Moments into the struggle, Sanchez ran to the injured man’s aid and tried to wrestle the knife away from the assailant. At that point, authorities say that Gallegos stabbed Sanchez four times.

The ensuing case made its way to 12th Judicial District Court on Dec. 4, but Judge Swift continued the matter to Jan. 11, 2013, as requested by Deputy Public Defender Amanda Hopkins.

In the more immediate future, the court is scheduled to hold two Dec. 11 status conferences on previous matters.

Gallegos had just been released from the county jail on the day of the alleged stabbings, according to official complaints and reports from his probation officer.

He was out on supervised probation after he pleaded guilty to felony menacing, first-degree aggravated motor vehicle theft and driving under the influence. (In exchange, the district attorney’s office dismissed three other cases in their entirety with prejudice; prosecutors also dropped a felony charge of kidnapping.)

The earlier charges date back to Jan. 29, when an Alamosa Police Department officer responded to a report that a man with a knife was threatening someone at Boyd Park.

By the time the officer arrived at the scene, the suspect had vanished. But the officer found a knife lying in the middle of the road, and one of Gallegos’ in-laws said he saw the suspect drop the knife and run away from the scene.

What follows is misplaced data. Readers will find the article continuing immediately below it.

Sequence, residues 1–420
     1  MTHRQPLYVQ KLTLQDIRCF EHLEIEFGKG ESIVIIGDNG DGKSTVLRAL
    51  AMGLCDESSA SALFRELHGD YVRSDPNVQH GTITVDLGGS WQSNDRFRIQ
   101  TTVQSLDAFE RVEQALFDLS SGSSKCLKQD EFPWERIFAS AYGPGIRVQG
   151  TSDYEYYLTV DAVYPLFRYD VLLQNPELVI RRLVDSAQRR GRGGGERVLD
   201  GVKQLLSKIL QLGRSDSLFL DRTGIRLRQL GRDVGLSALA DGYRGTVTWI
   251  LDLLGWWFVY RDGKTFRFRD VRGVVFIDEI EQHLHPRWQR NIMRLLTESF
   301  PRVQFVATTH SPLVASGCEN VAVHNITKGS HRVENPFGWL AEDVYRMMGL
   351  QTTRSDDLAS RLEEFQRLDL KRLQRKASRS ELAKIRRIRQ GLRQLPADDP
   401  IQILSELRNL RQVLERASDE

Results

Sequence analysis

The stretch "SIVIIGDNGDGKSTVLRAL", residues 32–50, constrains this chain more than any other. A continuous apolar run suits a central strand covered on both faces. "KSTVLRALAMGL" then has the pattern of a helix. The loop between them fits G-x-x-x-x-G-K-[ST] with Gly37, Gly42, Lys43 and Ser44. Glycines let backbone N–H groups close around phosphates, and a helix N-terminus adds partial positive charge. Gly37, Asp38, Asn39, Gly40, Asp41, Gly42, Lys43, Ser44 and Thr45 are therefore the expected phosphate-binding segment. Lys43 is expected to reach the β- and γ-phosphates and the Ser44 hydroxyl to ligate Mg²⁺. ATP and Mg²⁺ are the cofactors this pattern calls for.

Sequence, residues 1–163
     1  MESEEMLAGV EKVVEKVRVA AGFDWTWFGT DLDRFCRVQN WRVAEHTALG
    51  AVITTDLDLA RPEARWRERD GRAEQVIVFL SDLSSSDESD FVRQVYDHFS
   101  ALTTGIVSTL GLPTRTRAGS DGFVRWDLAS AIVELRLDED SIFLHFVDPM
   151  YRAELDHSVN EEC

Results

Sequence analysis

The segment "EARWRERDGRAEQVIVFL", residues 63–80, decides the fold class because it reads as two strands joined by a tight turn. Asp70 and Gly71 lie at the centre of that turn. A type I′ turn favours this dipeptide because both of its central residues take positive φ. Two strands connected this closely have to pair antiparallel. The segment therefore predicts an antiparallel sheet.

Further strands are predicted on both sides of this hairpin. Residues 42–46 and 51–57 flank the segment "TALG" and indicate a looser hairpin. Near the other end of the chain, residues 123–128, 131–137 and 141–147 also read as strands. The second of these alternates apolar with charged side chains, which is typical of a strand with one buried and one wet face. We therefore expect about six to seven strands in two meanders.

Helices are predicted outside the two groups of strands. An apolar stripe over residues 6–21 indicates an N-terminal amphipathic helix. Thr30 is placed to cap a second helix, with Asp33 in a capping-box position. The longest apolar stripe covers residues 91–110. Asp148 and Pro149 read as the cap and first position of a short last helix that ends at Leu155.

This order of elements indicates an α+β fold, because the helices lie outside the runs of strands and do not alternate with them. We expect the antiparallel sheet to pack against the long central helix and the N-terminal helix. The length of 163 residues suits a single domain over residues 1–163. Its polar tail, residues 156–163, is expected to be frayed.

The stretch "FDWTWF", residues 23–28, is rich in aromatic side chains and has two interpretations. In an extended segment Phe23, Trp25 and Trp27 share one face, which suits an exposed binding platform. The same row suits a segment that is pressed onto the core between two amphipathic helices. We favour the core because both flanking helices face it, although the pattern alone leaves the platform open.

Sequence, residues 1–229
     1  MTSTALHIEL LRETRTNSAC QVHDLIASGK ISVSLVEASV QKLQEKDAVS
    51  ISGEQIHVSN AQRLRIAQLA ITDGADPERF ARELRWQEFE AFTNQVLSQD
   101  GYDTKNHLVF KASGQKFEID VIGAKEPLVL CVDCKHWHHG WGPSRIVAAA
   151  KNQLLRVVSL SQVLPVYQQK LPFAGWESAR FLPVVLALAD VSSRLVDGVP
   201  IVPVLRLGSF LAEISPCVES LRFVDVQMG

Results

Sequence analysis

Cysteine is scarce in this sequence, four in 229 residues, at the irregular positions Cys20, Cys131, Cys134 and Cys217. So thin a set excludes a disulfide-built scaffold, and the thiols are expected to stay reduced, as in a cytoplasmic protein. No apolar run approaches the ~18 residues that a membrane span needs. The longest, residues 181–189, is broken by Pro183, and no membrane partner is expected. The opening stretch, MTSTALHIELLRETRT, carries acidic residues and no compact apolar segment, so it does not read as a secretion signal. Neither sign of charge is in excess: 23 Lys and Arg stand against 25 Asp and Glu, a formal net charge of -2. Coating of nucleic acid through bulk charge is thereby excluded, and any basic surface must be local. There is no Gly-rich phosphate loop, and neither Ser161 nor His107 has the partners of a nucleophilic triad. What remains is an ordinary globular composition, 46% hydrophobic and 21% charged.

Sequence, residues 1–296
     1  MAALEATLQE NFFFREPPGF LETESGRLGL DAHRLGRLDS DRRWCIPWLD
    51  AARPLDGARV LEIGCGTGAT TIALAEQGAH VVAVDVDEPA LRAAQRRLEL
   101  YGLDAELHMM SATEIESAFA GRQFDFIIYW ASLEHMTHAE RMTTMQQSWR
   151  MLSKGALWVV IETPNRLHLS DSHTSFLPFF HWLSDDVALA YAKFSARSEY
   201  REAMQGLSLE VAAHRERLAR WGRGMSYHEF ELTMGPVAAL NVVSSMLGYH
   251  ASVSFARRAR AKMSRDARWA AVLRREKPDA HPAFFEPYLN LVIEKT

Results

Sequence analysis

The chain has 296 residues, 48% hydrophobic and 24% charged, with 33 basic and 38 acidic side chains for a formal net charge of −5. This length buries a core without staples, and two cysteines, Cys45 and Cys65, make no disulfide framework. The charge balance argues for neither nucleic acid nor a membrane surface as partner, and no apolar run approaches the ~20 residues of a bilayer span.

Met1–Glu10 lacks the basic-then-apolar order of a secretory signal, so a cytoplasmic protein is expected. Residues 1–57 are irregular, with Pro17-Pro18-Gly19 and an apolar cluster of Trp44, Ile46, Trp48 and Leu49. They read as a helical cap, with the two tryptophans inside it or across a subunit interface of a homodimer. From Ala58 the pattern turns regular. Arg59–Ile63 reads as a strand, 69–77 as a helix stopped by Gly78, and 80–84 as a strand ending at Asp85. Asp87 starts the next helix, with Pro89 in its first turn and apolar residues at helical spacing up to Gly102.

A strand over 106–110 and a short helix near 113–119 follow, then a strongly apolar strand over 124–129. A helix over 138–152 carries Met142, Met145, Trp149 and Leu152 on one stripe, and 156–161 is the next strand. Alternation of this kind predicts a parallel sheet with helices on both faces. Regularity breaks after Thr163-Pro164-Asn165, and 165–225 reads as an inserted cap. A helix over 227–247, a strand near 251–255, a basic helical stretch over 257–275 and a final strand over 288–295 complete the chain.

According to an affidavit in support of a warrantless arrest, a juvenile told the officer that a man with a brand-new chin tattoo threatened to stab him if he didn’t follow the man somewhere.

The boy said he believed the alleged threat was credible, and told the officer that he was scared.

Soon afterwards, the police department received another call. This one involved a report of a stolen 1993 Buick Century.

Less than 15 minutes later, the car was spotted “burning donuts,” or spinning around, near Ninth Street and Old Airport Road.

A police sergeant responded to that call, and spotted Gallegos outside the vehicle. When Gallegos saw the sergeant, he fled the scene, but he was apprehended after a brief foot chase, according to the affidavit.

While he tried to pull away from the officers who were holding him down, he was taken into custody, where he remains today on various charges.

Gallegos’ case took on new dimensions when his girlfriend and his mother were apprehended for reportedly trying to bail him out of jail with stolen money.

Authorities allege that his girlfriend, 26-year-old First Stop manager Loren Gutierrez, falsely claimed an unknown person broke into her car and stole a large amount of cash she planned to deposit at a local bank.

Upon further investigation, the Alamosa Police Department reportedly discovered inconsistencies with Gutierrez’s version of events. The discovery ultimately led authorities to a second woman, who was allegedly in the process of using the money to bail her son out of jail.

That woman — 42-year-old Ernestina Bernadette Gallegos — was then taken into custody for conspiracy, theft between $500 and $15,000 and tampering with evidence.

Both women posted $10,000 bonds shortly after their arrests. Gutierrez’s disposition hearing on theft-related charges is currently set for Jan. 10 in county court.